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Dale Jr.: Restrictor plates cut into real racing
The two shout-outs that will incite a crowd in Alabama are "Roll Tide" and "Earnhardt!"

Dale Earnhardt was legendary at 'Dega. He scored 10 wins in 44 starts — including the 2000 Winston 500, which would be his last Cup victory anywhere. Earnhardt was still beaming days later after schooling his competitors.  After Earnhardt died the following February, Junior defended his father's honor in the fall brawl and brought home the trophy. It appeared the torch was indeed passed to Little E. As Earnhardt Jr. strung together four consecutive victories the talk was he had inherited the ability to "see the air."

In Crimson Tide territory, Earnhardt Jr. also inherited most of his father's legions of fans. For seven years, the stands of Talladega were a different shade of red — Budweiser red.

Over the last two seasons, the color scheme has changed but the fans have remained loyal — even during Junior's slump. The track has changed with Talladega Superspeedway officials raising the frontstretch fence from 14 to 22 feet in response to Carl Edwards' horrifying crash in the spring which held the car inside the track but spewed debris into the stands.

And last month NASCAR changed the size of the restrictor plate holes from 60/64ths of an inch in diameter to 69/64ths which will slow the cars by 12-15 horsepower.

Earnhardt feels depleting the horsepower of the engine also removes control of the race car from the driver's hands. Earnhardt, who has earned eight top fives and 11 top-10 finishes in 19 starts, admits the air of confidence he once carried into Talladega isn't the same.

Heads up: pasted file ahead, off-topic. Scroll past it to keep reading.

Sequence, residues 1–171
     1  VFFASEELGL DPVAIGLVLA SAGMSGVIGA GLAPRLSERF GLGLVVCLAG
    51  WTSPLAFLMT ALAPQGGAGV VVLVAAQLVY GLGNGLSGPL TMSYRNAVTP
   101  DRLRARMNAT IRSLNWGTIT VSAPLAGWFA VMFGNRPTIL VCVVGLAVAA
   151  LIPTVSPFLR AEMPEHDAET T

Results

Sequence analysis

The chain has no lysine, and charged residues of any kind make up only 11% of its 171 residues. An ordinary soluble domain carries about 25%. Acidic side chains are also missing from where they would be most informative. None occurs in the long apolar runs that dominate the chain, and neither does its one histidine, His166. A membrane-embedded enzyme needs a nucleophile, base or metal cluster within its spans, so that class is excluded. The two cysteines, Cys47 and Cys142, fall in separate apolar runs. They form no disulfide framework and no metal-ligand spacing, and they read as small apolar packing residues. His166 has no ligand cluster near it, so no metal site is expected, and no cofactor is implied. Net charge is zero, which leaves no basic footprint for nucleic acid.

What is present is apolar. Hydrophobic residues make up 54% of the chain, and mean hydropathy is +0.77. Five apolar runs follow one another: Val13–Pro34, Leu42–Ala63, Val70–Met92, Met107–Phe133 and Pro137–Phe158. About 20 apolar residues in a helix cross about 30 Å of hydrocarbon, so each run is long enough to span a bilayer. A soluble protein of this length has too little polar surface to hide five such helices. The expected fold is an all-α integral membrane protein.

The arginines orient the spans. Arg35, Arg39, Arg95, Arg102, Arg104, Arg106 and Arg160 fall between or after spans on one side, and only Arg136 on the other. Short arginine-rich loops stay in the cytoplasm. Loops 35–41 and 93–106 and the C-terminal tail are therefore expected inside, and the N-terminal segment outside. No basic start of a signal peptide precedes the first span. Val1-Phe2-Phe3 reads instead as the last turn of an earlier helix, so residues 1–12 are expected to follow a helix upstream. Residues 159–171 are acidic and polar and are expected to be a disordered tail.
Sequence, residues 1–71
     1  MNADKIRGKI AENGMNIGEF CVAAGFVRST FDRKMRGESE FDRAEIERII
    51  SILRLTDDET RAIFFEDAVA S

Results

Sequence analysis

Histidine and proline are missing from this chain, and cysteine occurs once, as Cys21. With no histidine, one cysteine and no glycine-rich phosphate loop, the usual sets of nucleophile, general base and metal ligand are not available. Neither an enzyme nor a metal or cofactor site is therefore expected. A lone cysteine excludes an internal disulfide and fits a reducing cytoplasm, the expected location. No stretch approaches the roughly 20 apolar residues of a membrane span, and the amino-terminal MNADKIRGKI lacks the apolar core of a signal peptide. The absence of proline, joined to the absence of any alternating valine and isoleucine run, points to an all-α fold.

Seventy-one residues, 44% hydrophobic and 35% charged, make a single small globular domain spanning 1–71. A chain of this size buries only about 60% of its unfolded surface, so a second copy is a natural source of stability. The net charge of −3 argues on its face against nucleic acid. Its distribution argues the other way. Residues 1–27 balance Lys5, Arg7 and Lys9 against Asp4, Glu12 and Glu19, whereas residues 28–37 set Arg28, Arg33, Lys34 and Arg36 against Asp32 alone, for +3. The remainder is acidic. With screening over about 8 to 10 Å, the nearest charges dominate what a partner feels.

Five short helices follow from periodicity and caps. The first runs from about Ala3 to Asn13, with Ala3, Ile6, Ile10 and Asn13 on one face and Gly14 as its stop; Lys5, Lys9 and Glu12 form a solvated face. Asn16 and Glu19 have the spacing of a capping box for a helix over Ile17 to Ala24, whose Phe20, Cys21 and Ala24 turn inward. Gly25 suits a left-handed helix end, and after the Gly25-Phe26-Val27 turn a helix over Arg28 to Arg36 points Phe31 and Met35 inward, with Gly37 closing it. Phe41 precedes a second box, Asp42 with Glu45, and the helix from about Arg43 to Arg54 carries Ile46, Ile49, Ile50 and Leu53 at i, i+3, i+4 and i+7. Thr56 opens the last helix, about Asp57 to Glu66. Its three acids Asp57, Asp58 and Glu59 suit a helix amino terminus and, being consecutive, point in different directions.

Does he still feel he can smoke the field on Sunday?

"Not as much as I used to," Earnhardt said. "We used to dominate that place. But when the plate gets smaller all the cars are basically the same. You just have to get lucky I guess.

"I did run second last time I was there but with less control over what you can do. The cars are easier to drive, but you have less to do with what's happening around you when the car doesn't respond when you mash the gas."

Earnhardt Jr. supports raising the fences, but changing the size of the plates is not a decision that he advocates. The driver, who holds five wins at Talladega, insists "every time that plate gets smaller, it gets more dangerous."

"I'd make the fences taller like they're doing," Earnhardt said. "I would double the fences up, make them stronger. You have to keep stuff out of there. But there has to be a way to race where the cars aren't running on top of each other — three and four wide.

"When you're running second, no matter what line you're in, you're boxed in. You can get runs on guys but you can't go anywhere because you have cars all around you. You're stuck there for laps and laps and laps. It just makes no sense that the racing is that way."

As the plates have decreased, so has the racing. Drivers are less apt to go balls out for 500 miles knowing one slip could end their day. With the cars so bunched together, it's not just one car that's eliminated when a driver makes a mistake; there are usually five or six casualties.

In April's Aaron's 499 at Talladega there were 12 cars eliminated from the race not from mechanical failure, but from crashing out. That's more than one-fourth of the field.

"That's why in the middle of the race when we're running at the top — and the whole field is single file — it's 'cause we're all kind of like, 'OK, running three wide for 500 miles is getting no one nowhere,'" Earnhardt said.

"So then we just sort of get up at the top in a line and decide to wait there 'til the end. We just go like, 'Let's run until there's 20 to go.' That's not a race. What the hell?" More at Fox Sports

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